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Who Actually Steals? A Study of Covertly Observed Shoplifters

NCJ Number
Justice Quarterly Volume: 21 Issue: 4 Dated: December 2004 Pages: 693-728
Dean A. Dabney; Richard C. Hollinger; Laura Dugan
Date Published
December 2004
36 pages
This study examined the prevalence and characteristics of shoplifting through covert observation of shoppers.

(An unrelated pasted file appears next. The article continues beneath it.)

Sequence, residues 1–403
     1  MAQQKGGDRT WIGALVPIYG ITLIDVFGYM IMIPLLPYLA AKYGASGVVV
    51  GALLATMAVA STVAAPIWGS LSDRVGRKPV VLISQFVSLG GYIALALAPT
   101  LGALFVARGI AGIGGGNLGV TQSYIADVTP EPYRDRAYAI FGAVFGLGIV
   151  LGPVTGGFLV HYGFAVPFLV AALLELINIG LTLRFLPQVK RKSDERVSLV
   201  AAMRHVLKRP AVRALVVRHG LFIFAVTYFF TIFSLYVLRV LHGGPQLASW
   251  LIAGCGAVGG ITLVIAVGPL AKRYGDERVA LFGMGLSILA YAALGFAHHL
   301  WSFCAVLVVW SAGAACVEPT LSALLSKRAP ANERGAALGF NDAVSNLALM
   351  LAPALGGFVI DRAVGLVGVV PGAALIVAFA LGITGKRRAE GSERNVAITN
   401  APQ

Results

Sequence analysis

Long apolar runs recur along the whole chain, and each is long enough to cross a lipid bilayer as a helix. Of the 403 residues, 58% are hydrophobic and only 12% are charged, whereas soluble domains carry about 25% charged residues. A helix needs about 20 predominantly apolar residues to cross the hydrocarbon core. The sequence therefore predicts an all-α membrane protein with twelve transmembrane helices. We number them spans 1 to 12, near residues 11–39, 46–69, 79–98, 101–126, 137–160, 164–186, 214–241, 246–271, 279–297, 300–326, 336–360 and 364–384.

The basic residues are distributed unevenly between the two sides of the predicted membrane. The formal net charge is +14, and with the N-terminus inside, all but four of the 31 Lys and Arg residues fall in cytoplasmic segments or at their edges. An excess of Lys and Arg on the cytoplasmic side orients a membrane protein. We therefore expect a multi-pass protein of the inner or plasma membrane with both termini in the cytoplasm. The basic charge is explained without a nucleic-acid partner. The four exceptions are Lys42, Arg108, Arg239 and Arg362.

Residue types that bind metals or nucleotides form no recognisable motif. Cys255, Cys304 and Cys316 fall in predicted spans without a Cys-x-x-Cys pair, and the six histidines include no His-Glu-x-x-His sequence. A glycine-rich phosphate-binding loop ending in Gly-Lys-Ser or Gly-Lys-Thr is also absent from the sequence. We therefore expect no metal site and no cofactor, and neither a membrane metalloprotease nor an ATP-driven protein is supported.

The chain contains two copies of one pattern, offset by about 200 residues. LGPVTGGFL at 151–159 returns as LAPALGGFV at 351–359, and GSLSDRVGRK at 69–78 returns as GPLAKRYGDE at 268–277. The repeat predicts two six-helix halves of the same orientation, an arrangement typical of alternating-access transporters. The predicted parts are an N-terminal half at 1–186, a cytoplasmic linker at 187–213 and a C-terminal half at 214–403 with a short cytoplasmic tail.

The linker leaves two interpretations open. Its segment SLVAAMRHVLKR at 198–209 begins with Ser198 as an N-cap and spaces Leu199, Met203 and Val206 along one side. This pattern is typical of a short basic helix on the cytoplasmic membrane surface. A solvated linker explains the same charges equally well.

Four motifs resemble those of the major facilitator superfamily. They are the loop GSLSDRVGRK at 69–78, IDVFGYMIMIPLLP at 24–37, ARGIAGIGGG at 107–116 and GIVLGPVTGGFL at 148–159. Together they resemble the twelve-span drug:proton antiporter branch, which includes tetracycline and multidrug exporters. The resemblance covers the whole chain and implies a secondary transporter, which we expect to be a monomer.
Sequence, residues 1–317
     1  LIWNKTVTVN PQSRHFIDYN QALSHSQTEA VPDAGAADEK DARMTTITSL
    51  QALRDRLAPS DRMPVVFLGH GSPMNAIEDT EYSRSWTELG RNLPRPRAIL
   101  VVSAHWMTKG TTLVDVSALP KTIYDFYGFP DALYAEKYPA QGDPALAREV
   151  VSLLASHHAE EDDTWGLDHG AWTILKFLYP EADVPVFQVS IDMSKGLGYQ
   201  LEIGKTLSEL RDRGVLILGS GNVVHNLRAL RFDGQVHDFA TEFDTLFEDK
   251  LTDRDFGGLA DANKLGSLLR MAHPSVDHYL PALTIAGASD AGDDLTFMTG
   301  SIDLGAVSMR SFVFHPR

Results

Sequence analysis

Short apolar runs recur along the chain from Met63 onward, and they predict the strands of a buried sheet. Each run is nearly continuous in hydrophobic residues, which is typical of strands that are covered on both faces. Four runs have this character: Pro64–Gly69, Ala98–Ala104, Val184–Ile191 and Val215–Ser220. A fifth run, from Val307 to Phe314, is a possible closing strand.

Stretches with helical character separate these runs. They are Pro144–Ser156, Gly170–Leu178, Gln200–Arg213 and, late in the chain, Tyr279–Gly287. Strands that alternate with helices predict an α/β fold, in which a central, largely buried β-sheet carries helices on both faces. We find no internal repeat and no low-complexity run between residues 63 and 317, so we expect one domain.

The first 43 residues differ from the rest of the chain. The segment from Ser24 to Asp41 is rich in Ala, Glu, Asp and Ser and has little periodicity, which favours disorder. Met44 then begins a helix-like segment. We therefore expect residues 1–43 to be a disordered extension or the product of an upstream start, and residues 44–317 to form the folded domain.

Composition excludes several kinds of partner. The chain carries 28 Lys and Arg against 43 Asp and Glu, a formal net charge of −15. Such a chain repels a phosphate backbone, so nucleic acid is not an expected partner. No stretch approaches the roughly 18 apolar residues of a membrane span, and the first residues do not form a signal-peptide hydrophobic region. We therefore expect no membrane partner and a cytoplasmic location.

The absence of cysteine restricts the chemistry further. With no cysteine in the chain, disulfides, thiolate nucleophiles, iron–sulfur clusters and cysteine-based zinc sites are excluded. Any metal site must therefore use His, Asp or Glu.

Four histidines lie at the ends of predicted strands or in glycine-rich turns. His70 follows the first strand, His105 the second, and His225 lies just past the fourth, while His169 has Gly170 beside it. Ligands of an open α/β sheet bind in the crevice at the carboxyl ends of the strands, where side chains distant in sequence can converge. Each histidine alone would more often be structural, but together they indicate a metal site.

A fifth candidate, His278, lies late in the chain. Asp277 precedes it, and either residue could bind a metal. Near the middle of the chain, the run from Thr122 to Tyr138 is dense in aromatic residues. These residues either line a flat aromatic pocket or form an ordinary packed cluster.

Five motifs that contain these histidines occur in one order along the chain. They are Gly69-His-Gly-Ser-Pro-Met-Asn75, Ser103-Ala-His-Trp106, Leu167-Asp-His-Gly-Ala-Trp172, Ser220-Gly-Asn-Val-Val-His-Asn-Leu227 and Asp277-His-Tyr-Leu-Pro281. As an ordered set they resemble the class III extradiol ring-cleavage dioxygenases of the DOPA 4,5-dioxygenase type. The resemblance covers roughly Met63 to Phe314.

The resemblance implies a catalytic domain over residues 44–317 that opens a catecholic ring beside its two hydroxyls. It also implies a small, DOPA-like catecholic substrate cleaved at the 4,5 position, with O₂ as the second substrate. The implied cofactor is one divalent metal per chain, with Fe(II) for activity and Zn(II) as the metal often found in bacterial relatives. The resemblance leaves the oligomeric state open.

While shoplifting is one of the most common and costly of crimes, scant data exist concerning the characteristics of the shoplifters and the offense itself. Previous research on shoplifting has relied primarily on official data provided by police or retail security departments, calling into question the reliability of the information gleaned from this data. The current study examined shoplifting behavior through unobtrusive, covert observation of a sample of 1,365 shoppers in order to identify a reliable demographic and behavioral profile of the typical contemporary shoplifter. Closed circuit television technology was used to observe the shoppers for a 1-year period in a suburban retail drug store and a standardized template was used to record offense and offender characteristics. Results of statistical analyses revealed a significant number of shoplifters; 8.5 percent of the observed sample was covertly observed shoplifting. Logistic regression analysis indicated that behavioral indicators of shoplifting were a more reliable predictor of shoplifting than were demographic characteristics of shoplifters. The findings also illuminated significant discrepancies between the demographic profile of shoplifters gleaned from official apprehension data and the profile gleaned from observation studies, indicating that security personnel and police officers were targeting the wrong group of people as likely shoplifters. Future research should continue to use new methodologies to examine the dynamics of other offenses and offenders. Tables, figures, references, appendixes